Academic journal article Canadian Journal of Education

The Stories Nations Tell: Sites of Pedagogy, Historical Consciousness, and National Narratives

Academic journal article Canadian Journal of Education

The Stories Nations Tell: Sites of Pedagogy, Historical Consciousness, and National Narratives

Article excerpt

Introduction

In 1908, a monument to French explorer Samuel de Champlain, and founder of New France, was installed in Ottawa, the Canadian capital. The original had two statues. The first portrayed Champlain at one-and-a-half-times his life-size, resting atop a tall plinth, his triumphant gaze fixed into the distance. The second was a miniature loincloth-clad Indian scout crouched in a position of deference and servitude on a plinth at Champlain's feet. From the beginning, the monument became a lightning rod of contestation and debate (Neatby & Hodgins, 2012). Early critiques challenged how Champlain, the French colonial hero, had been appropriated into the triumphal history of British imperialism. Later, resentment and anger emerged in light of the monument's patronization and racialization of Canada's Indigenous peoples. In 1996, the Grand Chief of the Assembly of First Nations, Ovide Mercredi, demanded the offending statue be removed. Three years later, the scout was detached from the Champlain statue and placed at a park across the road.

Subsequently, in the 1990s, First Nations artist Jeffrey Thomas's photographic practice transformed the scout into a counternarrative of the initial monument's racialization and marginalization by "interrogating [it] in relation to the late twentieth-century realities of urban Indians like himself' (Phillips, 2012, p. 344). In one piece, Thomas's teenaged son, Bear, sits in front of Champlain, wearing a baseball cap backwards and a graphic T-shirt depicting a nineteenth-century Plains Indian sporting sunglasses, with the text Full Blooded Indian written above it (Phillips, 2012). In another photograph, titled Onkwehonwe, Greg Hill squats on the vacated plinth in the scout's pose, wearing regular clothing but outfitted in a traditional gustoweh headdress fashioned from cereal boxes (see Figure 1). Thomas's interventionist photography points to the power of art to both disrupt and counter dominant storylines of the colonial and national past by visually inscribing a "silenced Indigenous memory" (Phillips, 2012, p. 341). Moreover, it exemplifies Counter National Narratives 3.0, described later in this article.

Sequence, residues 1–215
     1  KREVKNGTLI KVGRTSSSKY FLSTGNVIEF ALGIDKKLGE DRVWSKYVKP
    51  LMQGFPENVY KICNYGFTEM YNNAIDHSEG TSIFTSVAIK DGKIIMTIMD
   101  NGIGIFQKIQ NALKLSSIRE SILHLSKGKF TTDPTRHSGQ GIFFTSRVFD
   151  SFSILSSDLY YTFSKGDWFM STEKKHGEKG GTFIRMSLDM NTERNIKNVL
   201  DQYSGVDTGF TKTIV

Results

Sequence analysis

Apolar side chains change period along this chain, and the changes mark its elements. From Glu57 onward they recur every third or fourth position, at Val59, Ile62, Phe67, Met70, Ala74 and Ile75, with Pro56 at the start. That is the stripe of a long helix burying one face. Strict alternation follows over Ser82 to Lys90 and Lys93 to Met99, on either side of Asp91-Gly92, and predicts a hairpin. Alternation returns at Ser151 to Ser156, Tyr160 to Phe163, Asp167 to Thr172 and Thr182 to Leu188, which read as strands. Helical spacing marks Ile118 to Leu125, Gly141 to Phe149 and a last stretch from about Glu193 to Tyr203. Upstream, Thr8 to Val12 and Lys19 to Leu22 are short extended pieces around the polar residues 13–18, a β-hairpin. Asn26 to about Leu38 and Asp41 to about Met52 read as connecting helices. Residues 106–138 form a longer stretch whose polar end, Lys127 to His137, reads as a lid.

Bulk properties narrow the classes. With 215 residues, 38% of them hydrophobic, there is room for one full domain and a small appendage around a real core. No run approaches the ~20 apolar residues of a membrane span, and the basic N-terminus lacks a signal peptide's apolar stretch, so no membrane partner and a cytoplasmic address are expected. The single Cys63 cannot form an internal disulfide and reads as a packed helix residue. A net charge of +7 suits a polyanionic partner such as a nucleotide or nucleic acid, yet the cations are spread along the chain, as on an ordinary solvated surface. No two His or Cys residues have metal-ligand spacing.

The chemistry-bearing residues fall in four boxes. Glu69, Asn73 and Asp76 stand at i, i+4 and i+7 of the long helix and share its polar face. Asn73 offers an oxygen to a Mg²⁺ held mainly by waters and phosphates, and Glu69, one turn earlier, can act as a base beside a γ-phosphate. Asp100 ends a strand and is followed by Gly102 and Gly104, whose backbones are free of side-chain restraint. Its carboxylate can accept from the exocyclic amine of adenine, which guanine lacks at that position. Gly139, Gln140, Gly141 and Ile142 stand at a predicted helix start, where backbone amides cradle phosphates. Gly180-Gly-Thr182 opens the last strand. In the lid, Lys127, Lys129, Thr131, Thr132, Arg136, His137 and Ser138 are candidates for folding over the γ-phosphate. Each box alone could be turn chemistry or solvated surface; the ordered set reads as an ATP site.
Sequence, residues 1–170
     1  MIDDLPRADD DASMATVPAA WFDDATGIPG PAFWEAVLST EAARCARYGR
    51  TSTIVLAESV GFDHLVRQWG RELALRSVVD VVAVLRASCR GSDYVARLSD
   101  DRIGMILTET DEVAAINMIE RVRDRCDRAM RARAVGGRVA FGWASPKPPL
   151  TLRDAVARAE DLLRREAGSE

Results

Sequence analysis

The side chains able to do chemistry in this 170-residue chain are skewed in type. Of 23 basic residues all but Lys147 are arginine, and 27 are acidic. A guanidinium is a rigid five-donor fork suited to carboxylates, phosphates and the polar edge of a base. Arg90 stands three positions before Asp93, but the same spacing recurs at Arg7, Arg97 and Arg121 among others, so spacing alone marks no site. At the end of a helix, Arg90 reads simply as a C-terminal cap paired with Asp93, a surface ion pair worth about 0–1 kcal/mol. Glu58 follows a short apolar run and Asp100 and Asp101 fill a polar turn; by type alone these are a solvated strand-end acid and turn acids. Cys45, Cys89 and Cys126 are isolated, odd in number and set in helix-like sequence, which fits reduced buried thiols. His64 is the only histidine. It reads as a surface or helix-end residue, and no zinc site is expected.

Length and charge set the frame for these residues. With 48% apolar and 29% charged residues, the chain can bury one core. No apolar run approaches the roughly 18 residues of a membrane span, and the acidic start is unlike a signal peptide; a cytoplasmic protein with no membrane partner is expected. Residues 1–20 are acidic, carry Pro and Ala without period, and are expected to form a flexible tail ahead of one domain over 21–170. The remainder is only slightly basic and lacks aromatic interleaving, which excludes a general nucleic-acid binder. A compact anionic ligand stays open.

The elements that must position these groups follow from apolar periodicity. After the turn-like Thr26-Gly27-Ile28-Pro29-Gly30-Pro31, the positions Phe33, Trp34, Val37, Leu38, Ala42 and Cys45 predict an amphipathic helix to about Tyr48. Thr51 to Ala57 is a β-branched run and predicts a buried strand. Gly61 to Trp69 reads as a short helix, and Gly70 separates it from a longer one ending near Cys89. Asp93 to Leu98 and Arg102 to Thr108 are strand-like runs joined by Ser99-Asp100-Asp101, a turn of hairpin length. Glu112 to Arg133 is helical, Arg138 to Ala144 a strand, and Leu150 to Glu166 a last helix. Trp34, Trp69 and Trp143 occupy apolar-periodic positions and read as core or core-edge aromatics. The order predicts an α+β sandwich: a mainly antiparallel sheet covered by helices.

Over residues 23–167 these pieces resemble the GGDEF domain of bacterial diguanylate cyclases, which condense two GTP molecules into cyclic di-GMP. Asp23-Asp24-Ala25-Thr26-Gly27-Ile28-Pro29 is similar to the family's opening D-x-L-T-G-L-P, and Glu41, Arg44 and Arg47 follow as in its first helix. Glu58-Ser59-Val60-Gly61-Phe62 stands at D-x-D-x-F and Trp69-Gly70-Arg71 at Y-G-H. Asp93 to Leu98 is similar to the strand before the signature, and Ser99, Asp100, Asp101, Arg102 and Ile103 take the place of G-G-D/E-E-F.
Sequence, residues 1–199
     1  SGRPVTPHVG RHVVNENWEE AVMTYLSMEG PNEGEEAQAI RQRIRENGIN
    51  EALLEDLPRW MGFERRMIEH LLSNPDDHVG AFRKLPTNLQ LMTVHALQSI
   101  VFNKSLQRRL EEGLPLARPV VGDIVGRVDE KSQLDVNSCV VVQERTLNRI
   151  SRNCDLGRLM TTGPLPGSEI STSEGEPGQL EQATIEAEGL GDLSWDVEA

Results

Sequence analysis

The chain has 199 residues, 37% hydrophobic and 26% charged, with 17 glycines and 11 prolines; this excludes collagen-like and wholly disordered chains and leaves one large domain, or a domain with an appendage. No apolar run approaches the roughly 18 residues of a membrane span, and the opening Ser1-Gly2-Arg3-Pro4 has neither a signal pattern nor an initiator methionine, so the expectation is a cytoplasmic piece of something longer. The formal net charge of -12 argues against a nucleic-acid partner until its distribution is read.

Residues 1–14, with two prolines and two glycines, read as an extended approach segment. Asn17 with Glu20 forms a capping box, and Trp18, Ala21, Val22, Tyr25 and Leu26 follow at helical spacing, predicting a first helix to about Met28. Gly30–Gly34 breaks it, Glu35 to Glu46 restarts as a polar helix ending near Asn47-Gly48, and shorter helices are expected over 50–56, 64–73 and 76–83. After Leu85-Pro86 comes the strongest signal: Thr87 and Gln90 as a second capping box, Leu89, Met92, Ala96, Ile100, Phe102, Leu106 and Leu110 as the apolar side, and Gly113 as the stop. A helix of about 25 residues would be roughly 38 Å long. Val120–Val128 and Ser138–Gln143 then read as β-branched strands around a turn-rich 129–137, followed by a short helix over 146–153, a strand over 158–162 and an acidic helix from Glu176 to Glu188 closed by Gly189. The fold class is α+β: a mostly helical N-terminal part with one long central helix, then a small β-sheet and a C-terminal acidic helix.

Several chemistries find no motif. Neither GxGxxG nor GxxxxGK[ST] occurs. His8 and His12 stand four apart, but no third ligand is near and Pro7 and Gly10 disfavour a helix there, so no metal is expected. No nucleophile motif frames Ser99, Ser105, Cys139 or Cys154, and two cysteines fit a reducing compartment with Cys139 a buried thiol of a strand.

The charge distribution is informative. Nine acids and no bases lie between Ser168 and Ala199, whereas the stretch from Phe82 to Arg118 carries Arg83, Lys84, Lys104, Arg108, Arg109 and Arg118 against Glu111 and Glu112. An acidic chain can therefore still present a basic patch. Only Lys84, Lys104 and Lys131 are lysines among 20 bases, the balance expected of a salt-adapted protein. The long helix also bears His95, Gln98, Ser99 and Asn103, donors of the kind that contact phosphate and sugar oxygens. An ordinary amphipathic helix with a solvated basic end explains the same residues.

The controversy around Canada's Champlain Monument and others like it that is erupting around the world (see, e.g., Renzetti, 2015) reveals the power and controversy inherent in sites of pedagogy--classrooms, textbooks, monuments, memorials, national historic sites, news media, architectural spaces, arbitrated cityscapes, and public performances--that construct and communicate national narratives (Carretero, 2011; Donald, 2009; Ellsworth, 2005; Nora, 1996). These national narratives are discursive devices that combine history, collective memory, and myth into teleological communications of a nation's past, present, and future, what Hobsbawm (1990) has called "the nation's programmatic mythology" (p. 6). Often, they attempt to suture a country's differences by representing its citizens as belonging to a larger national famiglia, the imagined community of the nation-state (Anderson, 1996).

The national narratives constructed and communicated in sites of pedagogy frequently encompass or reflect what Wertsch (2004, 2008) terms "schematic narrative templates"--underlying abstract structures belonging "to particular narrative traditions that can be expected to differ from one cultural setting to another ... [and] are not readily available to conscious reflection" (2004, p. 57). These templates pervade through time and "act as unnoticed yet very powerful coauthors when we attempt to tell 'what really happened'" (2008, p. 142). Wertsch (2004, 2008) distinguishes between "specific narratives" and "schematic narrative templates," noting that while the former "deal with 'mid-level' events that populate textbooks, examinations and other textual forms" the latter "involve a much more abstract level of representation and provide a narrative framework that is compatible with many instantiations in specific narratives" (2004, p. …

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